July 10th, 1967
After the gig at the Whiskey, we were free. The tour was over and we had two weeks before our next commitment. Bill Kreutzman, Phil Lesh and their ladies had very graciously invited me to come back to San Francisco and spend some more time with them. John Weider had a girlfriend he wanted to visit there.
So, a few days later, John and I flew back up to San Fran. We still had the return half of our first class ticket that brought us to LA for the Monterey Festival so we decided to stay for a week and then return to London.
I rented a car at San Francisco Airport and drove towards the city. No credit card required – just $50 cash deposit. For once it was a clear evening. Although the sun had set and it was getting dark, the sky was still light enough to silhouette the high rise buildings of downtown. Their dark shapes were dotted with lighted windows that sparkled like jewels; the scene was enchanting and I felt euphoric.
I had to admit that I was totally intoxicated with America, California and the city of San Francisco in particular. Perhaps it was “grass is greener” syndrome. Perhaps it was the American blood in me. Perhaps it was the drugs. I didn’t know why I was feeling so excited about being back in the city. All I knew was that I couldn’t wait to get there.
Bill and Phil’s apartment was nothing out of the ordinary. It did have three bedrooms so I had my own room. The neighborhood was relatively quiet, compared to the ongoing circus that was the Dead House at 710 Haight St. (see pic).
So, what it was like to live with the Grateful Dead for a week?
You will not be surprised to know that, during that week, I smoked more marijuana that I ever have, before or since.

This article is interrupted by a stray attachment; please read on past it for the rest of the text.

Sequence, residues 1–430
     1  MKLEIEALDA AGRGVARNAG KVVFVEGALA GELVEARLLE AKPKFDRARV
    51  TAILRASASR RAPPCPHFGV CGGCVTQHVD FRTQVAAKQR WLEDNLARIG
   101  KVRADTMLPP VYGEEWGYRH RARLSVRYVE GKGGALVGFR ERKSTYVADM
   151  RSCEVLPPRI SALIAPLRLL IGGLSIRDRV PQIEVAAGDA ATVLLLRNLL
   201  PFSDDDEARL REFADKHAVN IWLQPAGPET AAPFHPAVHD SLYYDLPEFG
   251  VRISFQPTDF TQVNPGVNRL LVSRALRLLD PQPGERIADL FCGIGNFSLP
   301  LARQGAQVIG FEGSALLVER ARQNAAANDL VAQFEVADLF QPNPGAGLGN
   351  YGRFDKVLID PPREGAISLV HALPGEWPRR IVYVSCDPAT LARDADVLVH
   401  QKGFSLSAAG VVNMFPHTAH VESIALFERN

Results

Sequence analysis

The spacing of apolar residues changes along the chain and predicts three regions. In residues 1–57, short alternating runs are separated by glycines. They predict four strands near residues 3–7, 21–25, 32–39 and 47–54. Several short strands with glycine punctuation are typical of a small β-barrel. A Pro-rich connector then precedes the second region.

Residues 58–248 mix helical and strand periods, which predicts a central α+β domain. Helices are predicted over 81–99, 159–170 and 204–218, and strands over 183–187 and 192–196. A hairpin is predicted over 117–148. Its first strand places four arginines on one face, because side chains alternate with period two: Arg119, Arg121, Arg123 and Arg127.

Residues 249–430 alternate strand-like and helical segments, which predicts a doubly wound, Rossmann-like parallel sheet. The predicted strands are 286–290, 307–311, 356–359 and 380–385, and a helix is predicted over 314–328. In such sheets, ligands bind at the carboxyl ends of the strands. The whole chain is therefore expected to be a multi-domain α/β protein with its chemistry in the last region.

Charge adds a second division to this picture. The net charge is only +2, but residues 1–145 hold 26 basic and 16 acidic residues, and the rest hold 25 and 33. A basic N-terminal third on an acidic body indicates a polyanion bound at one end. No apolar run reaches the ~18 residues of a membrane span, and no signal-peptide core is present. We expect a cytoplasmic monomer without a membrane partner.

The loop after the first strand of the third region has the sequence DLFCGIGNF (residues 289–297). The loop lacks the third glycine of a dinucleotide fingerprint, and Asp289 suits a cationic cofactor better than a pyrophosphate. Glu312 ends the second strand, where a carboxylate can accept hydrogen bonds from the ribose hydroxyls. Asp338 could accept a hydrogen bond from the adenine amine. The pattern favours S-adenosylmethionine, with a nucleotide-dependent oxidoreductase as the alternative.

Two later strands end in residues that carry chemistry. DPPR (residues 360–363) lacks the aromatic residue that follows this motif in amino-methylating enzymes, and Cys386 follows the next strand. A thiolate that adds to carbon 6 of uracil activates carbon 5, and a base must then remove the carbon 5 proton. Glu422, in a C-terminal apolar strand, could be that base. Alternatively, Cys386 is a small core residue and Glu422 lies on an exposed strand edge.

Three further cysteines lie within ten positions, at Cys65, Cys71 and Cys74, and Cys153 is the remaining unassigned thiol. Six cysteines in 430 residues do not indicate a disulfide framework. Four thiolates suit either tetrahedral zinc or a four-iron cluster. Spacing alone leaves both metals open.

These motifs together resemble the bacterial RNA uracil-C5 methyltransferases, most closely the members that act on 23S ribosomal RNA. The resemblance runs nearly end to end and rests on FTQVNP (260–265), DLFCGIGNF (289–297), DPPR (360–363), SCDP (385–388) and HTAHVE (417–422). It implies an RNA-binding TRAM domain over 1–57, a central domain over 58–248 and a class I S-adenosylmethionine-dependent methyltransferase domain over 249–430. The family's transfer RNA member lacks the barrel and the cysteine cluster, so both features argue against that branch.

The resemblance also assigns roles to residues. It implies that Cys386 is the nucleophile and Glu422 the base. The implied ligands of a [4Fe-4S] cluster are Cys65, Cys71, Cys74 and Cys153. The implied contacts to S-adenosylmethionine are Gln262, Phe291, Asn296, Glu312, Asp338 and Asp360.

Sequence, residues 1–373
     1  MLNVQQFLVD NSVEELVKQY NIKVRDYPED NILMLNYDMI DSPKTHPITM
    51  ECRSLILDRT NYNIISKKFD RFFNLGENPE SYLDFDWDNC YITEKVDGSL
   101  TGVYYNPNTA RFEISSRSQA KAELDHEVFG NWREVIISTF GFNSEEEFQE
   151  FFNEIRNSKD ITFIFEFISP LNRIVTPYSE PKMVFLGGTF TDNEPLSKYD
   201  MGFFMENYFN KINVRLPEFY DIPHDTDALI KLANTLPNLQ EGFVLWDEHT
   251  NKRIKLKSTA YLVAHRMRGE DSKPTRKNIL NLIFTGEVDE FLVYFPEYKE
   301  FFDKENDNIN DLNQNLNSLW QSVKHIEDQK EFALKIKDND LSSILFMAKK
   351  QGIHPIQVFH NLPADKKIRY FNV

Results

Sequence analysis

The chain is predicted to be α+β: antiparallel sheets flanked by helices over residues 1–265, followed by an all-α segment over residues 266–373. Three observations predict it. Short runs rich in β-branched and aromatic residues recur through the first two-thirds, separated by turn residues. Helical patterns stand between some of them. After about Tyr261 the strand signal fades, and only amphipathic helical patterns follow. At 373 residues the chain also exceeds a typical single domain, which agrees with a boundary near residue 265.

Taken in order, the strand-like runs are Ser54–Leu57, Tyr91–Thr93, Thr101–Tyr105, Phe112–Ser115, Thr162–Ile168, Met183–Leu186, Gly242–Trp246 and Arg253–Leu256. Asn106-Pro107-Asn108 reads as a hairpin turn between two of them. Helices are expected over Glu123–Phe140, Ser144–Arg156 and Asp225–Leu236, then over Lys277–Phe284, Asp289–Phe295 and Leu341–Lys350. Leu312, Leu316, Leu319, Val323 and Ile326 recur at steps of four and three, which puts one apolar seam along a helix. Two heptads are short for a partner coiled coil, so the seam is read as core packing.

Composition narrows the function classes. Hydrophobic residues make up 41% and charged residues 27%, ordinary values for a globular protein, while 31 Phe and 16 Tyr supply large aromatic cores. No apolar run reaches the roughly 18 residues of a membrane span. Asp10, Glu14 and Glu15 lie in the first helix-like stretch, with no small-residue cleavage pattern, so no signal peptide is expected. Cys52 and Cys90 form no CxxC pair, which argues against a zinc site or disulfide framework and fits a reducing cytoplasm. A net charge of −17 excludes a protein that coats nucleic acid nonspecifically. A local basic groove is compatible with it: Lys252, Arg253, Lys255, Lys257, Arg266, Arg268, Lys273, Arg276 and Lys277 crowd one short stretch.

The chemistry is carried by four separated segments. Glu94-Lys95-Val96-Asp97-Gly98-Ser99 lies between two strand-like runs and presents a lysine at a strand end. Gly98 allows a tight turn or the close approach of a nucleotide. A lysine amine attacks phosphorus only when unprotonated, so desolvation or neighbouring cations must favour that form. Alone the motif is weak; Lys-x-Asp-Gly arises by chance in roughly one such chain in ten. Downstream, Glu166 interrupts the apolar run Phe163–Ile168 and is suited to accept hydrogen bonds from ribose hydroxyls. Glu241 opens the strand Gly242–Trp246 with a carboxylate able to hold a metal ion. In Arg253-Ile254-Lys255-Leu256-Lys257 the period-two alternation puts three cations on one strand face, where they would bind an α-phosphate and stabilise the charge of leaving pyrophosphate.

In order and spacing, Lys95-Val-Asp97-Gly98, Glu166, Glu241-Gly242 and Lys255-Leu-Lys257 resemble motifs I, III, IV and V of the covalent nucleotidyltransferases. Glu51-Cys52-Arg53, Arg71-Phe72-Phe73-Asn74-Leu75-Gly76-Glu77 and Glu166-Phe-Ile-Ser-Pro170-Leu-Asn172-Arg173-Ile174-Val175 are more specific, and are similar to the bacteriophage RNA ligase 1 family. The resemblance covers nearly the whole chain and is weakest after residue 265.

The Dead were early risers, at least compared to how we did things in London. Everyone was usually up and around by 9am and, soon after that, the first J was passed around. This was a little early for my tastes, but I usually found myself indulging sometime before noon. Things carried on like this for the rest of the day.
We didn’t have much in the way of visitors during that week except for two rather interesting characters.
One was a rather chubby hippy who hailed from Texas, known to one and all as Curly Jim. (see pic) Curly Jim Sataralow had come to San Francisco as the manager of those other pioneers of psychedelia, Austin, TX’s own 13th Floor Elevators. He had become loosely attached to the Dead and, as legend would have it, had taught the song “Me and My Uncle” to Bob Weir. “Me And My Uncle” became the most-performed song in the history of the Grateful Dead, as they performed it over 600 times.
Curly Jim also claimed that Jerry Garcia was responsible for his nickname.
Another visitor was Augustus Owsley Stanley III, known to one and all as Owsley (see pic). Owsley was THE acid king of the Bay Area hippies. He was the first known private individual to manufacture mass quantities of LSD. By his own account, between 1965 and 1967, Owsley produced no less than 500 grams of LSD, amounting to a little more than five million doses at the time.
He had started off as a sound man for the Dead and was still very involved with their extended family.
As I remember, whenever these guys showed up, they brought dope with them.
Both of these individuals are now dead.
Phil was a HiFi freak and they had a very good sound system in the living room, which was usually tuned in to KMPX. The late “Big Daddy” Tom Donohue had taken over a foreign language radio station, and changed it into what is considered to be America’s first alternative “free-form” radio station. The station played album tracks chosen by the DJs on the largely ignored FM band.